A look back at a 1940s office setting.
Photo courtesy of Amica Insurance.

If you were to Google "open office spaces" you’d be bombarded by articles declaring the concept is basically the worst thing ever to happen to corporate America. The biggest knock on open office designs is distracted workers. Apparently, employees are so worked up about open office settings their stress levels go up, their productivity goes down and collaboration with co-workers (the one thing the open design promised to foster) goes out the window.

And apparently, the top workplace distractions involve not just where you work, but who you work with. According to a new poll by Udemy and Toluna, a leading global marketplace for teaching and learning, 80 percent of people report being distracted by chatty coworkers, the number one office place distraction, according to a recent feature from Statista.com.

“Office noise is the second most cited workplace disturbance, with seven out of ten respondents citing noise as a top bother in their day-to-day workflow. Lower on the list, but still a problem, was social media. Half of the people surveyed thought that personal social media use was a disturbance to them at work. The report found that reducing workplace distractions increased workers productivity, motivation, confidence and overall happiness. As open office plans have come into vogue in the modern workplace, new studies have brought into question how effective they are at fostering a collaborative environment as many complain of their distractions and misuse.”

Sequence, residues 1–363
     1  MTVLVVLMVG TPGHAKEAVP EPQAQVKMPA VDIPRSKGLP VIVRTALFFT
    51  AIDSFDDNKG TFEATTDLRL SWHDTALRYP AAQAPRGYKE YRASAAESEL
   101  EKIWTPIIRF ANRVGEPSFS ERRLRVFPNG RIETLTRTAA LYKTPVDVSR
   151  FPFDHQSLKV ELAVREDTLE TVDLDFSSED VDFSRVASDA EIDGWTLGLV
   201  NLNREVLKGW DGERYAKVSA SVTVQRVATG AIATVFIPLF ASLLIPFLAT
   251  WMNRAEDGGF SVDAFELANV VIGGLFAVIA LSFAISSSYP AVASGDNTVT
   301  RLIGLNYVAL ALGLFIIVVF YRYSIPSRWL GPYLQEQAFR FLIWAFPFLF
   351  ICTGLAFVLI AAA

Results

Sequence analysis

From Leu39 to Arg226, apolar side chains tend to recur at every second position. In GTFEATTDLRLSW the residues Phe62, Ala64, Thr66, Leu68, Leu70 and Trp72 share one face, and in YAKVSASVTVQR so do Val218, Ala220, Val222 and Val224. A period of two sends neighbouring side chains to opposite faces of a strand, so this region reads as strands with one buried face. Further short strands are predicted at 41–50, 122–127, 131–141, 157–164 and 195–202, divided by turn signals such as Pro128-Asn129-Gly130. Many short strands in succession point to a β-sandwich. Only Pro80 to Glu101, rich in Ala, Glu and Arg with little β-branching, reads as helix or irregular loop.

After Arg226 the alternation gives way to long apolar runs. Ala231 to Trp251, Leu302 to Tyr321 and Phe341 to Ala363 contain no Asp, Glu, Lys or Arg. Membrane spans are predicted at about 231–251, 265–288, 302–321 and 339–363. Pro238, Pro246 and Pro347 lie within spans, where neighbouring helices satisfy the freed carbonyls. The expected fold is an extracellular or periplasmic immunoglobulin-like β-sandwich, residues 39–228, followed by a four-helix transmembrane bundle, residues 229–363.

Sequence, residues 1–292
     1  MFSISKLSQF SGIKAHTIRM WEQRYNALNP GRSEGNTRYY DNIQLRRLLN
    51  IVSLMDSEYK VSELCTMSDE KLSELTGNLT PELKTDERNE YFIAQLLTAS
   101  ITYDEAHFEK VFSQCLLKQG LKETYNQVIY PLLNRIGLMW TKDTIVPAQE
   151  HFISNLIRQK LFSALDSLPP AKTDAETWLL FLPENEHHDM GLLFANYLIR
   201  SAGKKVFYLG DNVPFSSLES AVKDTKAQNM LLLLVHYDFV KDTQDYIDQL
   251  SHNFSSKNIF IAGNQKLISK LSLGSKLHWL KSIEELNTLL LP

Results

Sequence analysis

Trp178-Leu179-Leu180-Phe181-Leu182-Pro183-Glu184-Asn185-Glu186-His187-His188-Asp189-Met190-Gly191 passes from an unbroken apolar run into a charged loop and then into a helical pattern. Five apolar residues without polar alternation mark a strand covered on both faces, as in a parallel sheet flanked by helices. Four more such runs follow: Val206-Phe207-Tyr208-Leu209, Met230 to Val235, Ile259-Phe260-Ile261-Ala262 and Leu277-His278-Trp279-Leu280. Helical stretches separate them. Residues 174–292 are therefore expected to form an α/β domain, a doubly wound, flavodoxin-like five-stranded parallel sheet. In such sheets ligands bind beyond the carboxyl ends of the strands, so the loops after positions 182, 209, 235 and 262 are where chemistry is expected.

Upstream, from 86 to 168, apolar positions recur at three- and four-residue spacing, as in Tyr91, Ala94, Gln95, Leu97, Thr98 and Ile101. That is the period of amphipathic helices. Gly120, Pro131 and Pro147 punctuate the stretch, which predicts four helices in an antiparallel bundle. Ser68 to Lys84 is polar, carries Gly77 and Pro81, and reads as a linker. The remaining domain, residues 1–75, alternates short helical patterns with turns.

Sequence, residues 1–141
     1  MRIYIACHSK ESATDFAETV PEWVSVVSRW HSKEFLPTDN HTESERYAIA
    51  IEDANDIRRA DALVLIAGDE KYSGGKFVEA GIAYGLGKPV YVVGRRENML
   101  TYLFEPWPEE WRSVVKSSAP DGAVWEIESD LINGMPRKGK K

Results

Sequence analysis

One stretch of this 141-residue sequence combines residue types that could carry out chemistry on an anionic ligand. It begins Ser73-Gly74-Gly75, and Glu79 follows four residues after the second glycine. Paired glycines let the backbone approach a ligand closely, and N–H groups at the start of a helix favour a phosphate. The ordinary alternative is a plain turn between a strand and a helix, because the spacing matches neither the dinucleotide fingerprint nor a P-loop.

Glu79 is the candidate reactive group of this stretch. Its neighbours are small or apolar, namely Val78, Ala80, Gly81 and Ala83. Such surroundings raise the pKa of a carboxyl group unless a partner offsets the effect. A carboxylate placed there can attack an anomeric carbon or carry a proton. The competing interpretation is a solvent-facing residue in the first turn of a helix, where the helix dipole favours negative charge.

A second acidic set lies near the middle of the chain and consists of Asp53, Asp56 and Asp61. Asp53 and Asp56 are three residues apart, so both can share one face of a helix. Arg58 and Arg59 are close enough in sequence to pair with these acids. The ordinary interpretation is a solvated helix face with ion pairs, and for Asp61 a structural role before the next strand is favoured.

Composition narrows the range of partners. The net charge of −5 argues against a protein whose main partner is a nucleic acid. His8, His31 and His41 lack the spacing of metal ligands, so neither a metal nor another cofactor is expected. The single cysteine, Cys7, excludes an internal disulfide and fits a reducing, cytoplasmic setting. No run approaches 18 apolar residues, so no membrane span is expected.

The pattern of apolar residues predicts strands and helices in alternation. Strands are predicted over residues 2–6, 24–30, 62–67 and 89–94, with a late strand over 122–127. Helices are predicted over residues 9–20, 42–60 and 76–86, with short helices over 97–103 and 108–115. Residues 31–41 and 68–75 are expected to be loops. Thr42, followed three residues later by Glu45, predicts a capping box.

There’s even a scientific explanation delineating why open offices can go so wrong. A recent feature from workfront.com offered this explanation: “About 70 percent of U.S. companies currently adopt some version of the open office (including the use of low-partition and high-partition cubicles), with around 15 to 20 percent adopting a completely open plan (where all desks and computers are set up in rows in a large single room). So what have these researchers found?

“On the whole, the results don’t bode well for the layout. While open offices have been shown to increase informal interactions between employees, be far less expensive (requiring as little as 3x less total office space), and help certain types of teams collaborate more effectively, they carry serious tradeoffs in terms of worker productivity.

“Research from the University of California at Irvine found that employees in cubicles receive 29 percent more interruptions than those in private offices. It added that those who were frequently interrupted report 9 percent higher rates of exhaustion. Finally, a study from the University of Sydney divided results by office type, including enclosed private, cubicles with high partitions, and no partitions. They found dramatic differences when it came to sound privacy, noise level and overall satisfaction.”